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  • iPhone 4 newbies: 10 essential tips and tricks

    You soon-to-be Verizon iPhone 4 customers can learn from the experiences of others. Take it from iPhone old-timers, you're about to enter a magical world of awesome apps running on the most simplistic, addictive device on the planet.

    Written by Tom Kaneshige09 Feb. 11 07:33
  • Smartphone security: Keep your handset safe

    Once upon a time, a phone was just a phone: It simply made and received calls. The only security you worried about was if someone had picked up in the other room to listen in.

    Written by Brent Rose12 Jan. 11 02:07
  • Overclock your smartphone, if you dare

    WARNING: Overclocking is not for the faint of heart. Do not attempt to hack your phone unless you understand and accept the risks of turning it into a useless "brick."

    Written by Keir Thomas05 Jan. 11 12:56
  • BlackBerry 6: Wipe Your Smartphone, Restore Factory Settings

    Many reasons exist for why you might want or need to "security wipe" a BlackBerry, or completely erase all personal data stored on your handheld: You got a new smartphone and plan to retire the older device; you're trading in your existing BlackBerry for a new one from your wireless carrier; you and a friend are swapping devices; you loaded too many applications or media and just want to start over from scratch; etc.

    Written by Al Sacco15 Dec. 10 07:11
  • Root Google Android the easy way

    Google's Android operating system is riding a wave of popularity that has rapidly eclipsed Apple's iOS, and by the end of 2010 it's expected to overtake RIM's BlackBerry as the world's leading smartphone platform. However, despite the relative openness and flexibility of the OS, your Android phone still isn't as powerful and customizable as it could be. To unlock all of your phone's potential, you'll need to root it.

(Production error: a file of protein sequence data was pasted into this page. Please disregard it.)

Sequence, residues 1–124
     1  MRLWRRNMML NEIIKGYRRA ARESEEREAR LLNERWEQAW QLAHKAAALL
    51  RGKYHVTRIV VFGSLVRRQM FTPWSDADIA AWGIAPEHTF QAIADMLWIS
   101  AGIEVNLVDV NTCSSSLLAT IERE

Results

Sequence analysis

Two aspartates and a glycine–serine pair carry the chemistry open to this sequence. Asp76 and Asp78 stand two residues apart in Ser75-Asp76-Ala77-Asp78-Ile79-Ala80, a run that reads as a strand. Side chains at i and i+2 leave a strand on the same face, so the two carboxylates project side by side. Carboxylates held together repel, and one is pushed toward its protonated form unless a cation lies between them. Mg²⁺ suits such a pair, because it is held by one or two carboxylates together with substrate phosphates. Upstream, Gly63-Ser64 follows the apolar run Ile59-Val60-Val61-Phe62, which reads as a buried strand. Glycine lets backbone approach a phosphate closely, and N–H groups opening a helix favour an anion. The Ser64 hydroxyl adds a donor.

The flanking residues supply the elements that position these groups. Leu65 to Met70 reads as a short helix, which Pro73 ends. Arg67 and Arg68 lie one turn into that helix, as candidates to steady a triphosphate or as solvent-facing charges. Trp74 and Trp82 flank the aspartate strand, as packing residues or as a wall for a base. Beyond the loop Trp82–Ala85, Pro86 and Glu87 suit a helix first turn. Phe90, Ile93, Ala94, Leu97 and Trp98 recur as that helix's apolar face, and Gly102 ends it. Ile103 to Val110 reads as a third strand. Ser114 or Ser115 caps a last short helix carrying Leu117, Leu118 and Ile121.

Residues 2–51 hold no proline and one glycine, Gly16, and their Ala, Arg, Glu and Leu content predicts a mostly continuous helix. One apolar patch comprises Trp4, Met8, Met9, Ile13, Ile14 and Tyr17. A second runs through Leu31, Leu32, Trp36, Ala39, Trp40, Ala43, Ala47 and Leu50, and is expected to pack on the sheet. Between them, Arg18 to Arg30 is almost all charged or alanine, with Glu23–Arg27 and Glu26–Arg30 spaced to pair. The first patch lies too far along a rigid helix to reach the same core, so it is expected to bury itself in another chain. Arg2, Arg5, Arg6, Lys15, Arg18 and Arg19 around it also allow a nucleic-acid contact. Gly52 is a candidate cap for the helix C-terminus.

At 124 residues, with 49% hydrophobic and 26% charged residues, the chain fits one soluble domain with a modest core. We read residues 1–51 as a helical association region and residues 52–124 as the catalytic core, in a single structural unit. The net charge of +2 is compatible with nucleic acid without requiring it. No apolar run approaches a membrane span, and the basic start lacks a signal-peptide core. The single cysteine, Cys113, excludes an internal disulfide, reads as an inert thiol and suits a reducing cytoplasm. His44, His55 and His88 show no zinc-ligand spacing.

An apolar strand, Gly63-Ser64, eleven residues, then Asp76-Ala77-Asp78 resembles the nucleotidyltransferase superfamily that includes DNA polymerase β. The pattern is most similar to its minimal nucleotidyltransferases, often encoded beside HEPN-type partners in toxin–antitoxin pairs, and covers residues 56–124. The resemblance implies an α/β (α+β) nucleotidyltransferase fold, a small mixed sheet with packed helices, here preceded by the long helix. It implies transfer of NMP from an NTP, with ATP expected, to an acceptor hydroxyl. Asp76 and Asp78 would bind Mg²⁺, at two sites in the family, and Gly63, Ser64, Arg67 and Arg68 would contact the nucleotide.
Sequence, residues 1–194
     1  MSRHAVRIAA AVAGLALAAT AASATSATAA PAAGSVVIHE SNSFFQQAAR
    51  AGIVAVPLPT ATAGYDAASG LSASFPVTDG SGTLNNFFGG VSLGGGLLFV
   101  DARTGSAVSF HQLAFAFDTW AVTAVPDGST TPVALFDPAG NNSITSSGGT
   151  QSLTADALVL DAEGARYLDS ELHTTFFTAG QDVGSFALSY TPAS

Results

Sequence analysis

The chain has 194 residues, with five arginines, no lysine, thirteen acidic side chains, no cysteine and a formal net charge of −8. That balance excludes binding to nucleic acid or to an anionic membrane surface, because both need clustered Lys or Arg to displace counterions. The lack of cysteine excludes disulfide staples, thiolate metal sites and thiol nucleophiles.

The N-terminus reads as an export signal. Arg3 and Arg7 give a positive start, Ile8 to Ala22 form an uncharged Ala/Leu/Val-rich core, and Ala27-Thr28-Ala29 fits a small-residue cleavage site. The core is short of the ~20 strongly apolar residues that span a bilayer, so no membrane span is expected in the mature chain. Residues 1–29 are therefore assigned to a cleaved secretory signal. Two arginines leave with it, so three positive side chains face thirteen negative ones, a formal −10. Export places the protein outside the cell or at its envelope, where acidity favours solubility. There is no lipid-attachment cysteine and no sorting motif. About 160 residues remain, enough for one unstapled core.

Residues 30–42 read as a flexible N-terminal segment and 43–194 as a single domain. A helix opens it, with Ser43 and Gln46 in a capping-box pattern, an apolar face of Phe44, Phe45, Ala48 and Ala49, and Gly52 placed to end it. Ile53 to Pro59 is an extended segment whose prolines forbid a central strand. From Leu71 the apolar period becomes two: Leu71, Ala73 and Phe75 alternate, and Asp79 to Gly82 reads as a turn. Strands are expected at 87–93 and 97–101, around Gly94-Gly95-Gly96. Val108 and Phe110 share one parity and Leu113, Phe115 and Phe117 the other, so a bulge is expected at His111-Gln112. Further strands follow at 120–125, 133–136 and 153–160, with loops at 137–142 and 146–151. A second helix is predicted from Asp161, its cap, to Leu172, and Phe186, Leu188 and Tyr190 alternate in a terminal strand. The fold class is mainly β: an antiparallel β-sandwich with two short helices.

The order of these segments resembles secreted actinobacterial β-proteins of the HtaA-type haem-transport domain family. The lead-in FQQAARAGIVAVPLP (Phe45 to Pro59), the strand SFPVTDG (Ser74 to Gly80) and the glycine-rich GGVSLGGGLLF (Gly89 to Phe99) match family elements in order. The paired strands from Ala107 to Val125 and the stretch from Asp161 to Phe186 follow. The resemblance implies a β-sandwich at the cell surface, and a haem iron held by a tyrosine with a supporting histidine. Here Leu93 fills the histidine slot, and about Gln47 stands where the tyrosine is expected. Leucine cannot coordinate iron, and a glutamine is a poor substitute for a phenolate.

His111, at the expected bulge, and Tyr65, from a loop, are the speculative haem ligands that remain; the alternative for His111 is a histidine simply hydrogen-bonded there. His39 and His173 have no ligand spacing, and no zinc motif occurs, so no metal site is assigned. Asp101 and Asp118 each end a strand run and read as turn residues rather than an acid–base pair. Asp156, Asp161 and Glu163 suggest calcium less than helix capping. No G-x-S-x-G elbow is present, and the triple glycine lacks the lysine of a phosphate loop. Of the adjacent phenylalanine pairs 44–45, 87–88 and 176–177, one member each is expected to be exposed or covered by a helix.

Written by Robert Strohmeyer15 Sept. 10 23:15
Features about Phones
  • How it works: Iris scanning improves smartphone security

    Samsung and other vendors are beginning to incorporate iris scanning into their mobile devices. We examine how this security technology works, its advantages and its drawbacks.

    Written by Lamont Wood08 Sept. 16 20:00
  • What smartphones will be like in 2012

    Since the advent of the first modern smartphone--arguably the original Apple iPhone in 2007--the power of these mobile computing devices that also happen to make phone calls has advanced by leaps and bounds.

    Written by Jared Newman12 Nov. 11 01:31
  • Apple iOS: Why it's the most secure OS, period

    In June 2007, Apple released the iPhone, and the device quickly took off to become a major brand in the smartphone market. Yet when the iPhone shipped, security on the mobile operating system was nearly nonexistent. Missing from the initial iOS (then called iPhone OS) were many of the security features that modern-day desktop software has as a matter of course, such as data-execution protection (DEP) and address-space layout randomization (ASLR). Apple's cachet lured security researchers to test the platform, and in less than a month, a trio had released details on the first vulnerability: an exploitable flaw in the mobile Safari browser.

    Written by Robert Lemos06 June 11 20:04
  • 5 features iOS needs, in order to sway me from Android

    With Apple preparing to talk about the future of iOS at its Worldwide Developers Conference in June, and the rumor mill churning, it's time for an old tradition: the iPhone feature wish list.

    Written by Jared Newman30 March 11 07:54
  • HTC ThunderBolt 4G smartphone: Hefty but fast

    Even by the new standards of cell phone advertising, the run-up to the HTC ThunderBolt -- Verizon's first 4G LTE smartphone -- was elaborate and expensive. Gatefold ads in mass-market magazines and high-profile TV spots on the Oscars, NASCAR and college basketball all proclaimed that there was a new 4G phone coming from Verizon, but not much else. Inquiries made of HTC and Verizon were met with official shrugs. The company spent many millions of dollars advertising a phone and didn't tell anyone when it would be on the shelves.

    Written by Dan Rosenbaum22 March 11 06:41

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